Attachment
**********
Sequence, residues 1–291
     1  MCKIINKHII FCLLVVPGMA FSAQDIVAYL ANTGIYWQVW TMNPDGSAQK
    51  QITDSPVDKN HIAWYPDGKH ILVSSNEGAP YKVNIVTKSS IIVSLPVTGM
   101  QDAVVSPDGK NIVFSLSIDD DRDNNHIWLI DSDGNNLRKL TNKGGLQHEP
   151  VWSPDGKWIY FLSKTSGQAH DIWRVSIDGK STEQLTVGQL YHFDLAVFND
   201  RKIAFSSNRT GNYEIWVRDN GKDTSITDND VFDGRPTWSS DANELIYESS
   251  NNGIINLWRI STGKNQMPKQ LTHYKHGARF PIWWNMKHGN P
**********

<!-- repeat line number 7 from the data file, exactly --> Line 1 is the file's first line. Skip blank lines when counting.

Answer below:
   251  NNGIINLWRI STGKNQMPKQ LTHYKHGARF PIWWNMKHGN P